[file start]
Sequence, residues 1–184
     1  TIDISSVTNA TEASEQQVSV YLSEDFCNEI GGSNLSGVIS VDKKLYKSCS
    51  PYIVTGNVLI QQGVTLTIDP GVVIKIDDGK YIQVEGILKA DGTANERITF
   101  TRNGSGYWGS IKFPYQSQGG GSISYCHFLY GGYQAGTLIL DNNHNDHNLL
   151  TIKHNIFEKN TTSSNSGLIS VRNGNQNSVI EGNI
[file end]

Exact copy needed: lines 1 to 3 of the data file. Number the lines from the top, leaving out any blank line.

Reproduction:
Sequence, residues 1–184
     1  TIDISSVTNA TEASEQQVSV YLSEDFCNEI GGSNLSGVIS VDKKLYKSCS
    51  PYIVTGNVLI QQGVTLTIDP GVVIKIDDGK YIQVEGILKA DGTANERITF